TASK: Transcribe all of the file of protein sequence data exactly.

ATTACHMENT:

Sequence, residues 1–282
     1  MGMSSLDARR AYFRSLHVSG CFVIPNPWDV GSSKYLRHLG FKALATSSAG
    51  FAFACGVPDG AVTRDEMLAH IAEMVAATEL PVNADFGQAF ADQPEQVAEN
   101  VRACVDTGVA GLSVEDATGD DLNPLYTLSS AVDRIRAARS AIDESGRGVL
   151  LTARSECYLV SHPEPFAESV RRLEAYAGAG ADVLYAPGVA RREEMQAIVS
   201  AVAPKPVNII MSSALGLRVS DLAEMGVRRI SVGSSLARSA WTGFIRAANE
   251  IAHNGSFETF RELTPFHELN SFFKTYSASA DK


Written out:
Sequence, residues 1–282
     1  MGMSSLDARR AYFRSLHVSG CFVIPNPWDV GSSKYLRHLG FKALATSSAG
    51  FAFACGVPDG AVTRDEMLAH IAEMVAATEL PVNADFGQAF ADQPEQVAEN
   101  VRACVDTGVA GLSVEDATGD DLNPLYTLSS AVDRIRAARS AIDESGRGVL
   151  LTARSECYLV SHPEPFAESV RRLEAYAGAG ADVLYAPGVA RREEMQAIVS
   201  AVAPKPVNII MSSALGLRVS DLAEMGVRRI SVGSSLARSA WTGFIRAANE
   251  IAHNGSFETF RELTPFHELN SFFKTYSASA DK